I don’t talk about God much, out loud anyway.
Mainly because that word carries a lot of weight and means different things to different people.
But the helicopter crash in California that killed 9 people earlier this week has, as it has for many people, hit me in my gut in a way that is difficult to articulate.
The loss of a child, a mother, a sister, a father, a husband, a wife, a brother, a friend.
Many years ago I was on a plane experiencing severe mechanical difficulties. For more than five minutes our fate was uncertain. As the plane rattled and bumped to reach an altitude where oxygen levels were more certain, believe it or not, I felt a peace like I had never known and have never experienced since then.
Time and space were meaningless in that five minute rapid and rocky descent. I realized in those moments that I had done alright at life…I looked out at the night sky and the stars and the vastness of that black-forever and settled in for the rest, the unknown, the whatever-was-to-happen.
Emerging from that experience was difficult. I struggled to assign meaning to the everyday things…bills, traffic. Why bother?
But then somehow the whole thing wiggled its way into my life. A new kind of appreciation materialized. An understanding of something beyond and here and there and now and then and forever. God or love or higher power. The essence-of-the-all.
I think about it every time I get on a plane. I still feel fear. I also feel a deep trust that the peace I felt on that flight from LaGuardia…is how it all rolls when this human body dies.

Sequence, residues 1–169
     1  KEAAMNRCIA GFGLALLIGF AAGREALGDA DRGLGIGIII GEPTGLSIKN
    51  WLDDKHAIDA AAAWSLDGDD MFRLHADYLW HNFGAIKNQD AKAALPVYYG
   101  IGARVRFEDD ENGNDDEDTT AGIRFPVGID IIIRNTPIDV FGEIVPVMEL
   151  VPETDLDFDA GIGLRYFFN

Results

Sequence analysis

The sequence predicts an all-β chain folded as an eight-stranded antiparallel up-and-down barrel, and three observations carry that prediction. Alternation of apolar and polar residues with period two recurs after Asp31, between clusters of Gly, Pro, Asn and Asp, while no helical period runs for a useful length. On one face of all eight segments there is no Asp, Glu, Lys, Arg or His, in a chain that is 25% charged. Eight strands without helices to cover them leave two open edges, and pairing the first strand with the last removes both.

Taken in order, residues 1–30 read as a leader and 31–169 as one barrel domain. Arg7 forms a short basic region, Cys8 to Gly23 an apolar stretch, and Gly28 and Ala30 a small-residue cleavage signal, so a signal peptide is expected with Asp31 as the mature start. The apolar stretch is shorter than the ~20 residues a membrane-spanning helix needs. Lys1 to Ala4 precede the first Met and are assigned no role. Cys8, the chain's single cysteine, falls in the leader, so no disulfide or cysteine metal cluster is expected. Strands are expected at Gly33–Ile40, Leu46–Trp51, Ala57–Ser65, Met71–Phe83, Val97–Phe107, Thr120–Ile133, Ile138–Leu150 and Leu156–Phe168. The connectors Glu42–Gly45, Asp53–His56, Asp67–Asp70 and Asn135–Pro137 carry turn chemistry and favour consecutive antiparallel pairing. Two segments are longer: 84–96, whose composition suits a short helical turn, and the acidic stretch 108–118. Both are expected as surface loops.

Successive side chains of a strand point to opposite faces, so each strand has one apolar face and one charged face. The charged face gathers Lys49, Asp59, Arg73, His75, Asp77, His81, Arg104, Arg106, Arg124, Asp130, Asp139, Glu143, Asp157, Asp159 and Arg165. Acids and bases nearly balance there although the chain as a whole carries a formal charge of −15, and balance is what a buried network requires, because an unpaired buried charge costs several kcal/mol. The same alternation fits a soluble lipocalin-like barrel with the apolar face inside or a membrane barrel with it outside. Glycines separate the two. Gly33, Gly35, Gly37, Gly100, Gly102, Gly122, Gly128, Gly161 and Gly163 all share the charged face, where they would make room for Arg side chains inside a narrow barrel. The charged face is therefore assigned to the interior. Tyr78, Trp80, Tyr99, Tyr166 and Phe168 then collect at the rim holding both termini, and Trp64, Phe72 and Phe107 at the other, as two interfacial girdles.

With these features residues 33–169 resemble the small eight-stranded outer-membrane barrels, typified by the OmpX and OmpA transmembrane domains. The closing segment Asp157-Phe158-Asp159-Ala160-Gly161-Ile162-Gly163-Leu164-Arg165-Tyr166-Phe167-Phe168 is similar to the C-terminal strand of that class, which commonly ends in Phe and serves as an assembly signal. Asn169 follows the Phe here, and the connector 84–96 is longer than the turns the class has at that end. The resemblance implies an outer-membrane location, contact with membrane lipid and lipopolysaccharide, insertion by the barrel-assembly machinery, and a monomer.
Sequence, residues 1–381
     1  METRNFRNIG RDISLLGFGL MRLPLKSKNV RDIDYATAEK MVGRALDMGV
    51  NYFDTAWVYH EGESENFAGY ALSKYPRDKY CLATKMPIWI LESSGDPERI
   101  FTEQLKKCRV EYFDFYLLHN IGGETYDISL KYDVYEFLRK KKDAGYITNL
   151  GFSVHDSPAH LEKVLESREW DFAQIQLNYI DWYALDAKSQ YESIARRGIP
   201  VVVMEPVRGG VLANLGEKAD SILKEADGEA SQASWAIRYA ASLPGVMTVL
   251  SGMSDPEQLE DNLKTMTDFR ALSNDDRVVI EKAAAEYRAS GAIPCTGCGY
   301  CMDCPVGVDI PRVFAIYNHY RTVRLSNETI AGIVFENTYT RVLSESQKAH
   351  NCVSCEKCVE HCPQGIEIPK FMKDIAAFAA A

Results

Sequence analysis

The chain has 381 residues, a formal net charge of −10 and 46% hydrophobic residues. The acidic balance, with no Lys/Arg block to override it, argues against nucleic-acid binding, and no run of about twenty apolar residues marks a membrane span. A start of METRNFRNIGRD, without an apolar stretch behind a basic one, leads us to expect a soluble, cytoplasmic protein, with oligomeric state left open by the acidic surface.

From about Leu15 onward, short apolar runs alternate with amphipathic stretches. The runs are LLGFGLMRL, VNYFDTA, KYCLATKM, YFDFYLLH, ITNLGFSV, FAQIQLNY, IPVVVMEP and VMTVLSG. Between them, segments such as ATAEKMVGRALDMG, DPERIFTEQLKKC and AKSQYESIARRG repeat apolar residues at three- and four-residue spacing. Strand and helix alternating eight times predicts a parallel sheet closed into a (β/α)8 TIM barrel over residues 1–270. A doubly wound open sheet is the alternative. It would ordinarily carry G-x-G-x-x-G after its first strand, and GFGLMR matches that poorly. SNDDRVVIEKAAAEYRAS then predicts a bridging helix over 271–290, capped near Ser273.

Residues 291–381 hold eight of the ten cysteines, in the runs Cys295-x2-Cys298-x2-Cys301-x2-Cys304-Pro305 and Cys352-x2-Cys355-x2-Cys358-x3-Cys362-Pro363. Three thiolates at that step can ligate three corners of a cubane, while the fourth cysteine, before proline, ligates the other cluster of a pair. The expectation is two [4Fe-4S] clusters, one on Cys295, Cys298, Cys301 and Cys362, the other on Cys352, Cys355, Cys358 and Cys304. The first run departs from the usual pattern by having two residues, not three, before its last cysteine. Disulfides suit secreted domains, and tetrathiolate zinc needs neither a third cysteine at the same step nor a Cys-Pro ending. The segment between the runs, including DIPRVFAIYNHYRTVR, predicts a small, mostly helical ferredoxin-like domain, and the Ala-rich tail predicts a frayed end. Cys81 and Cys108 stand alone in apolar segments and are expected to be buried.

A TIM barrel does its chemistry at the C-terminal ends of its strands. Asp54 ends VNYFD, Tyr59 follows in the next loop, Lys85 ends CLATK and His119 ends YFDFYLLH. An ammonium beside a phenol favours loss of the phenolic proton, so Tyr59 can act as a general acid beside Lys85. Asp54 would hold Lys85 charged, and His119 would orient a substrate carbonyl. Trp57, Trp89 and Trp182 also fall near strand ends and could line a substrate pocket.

Three days after my mom died, my then-4-year-old Helen and I went to the Harris YMCA to see the room where my mom had passed. My mom had been doing what she loved, swimming and then resting in the steam room afterwards.
As Helen and I approached the door to the steam room, I could feel Helen’s innocent joy increasing…curious and wondering. We stood by the door for a moment, both of us realizing something was afoot.
“Ya ready Helen?” I said with my hand on the door handle.
“Yes!!!!” She said with a delight to this day that warms my heart.
And then I flung open the door and the steam in that hot room began billowing out. Helen stood there for half-a-second, unsure of what was happening and then, as if on cue, gleefully began to dance in all that steam.
“It’s Goggie, Mommy. It’s GOGGIE.”
I’ve got nothing else to share this morning and appreciate all of you who made it this far into my ramblings. My heart goes out to those who lost loved ones in this tragic helicopter crash. The pain of being human…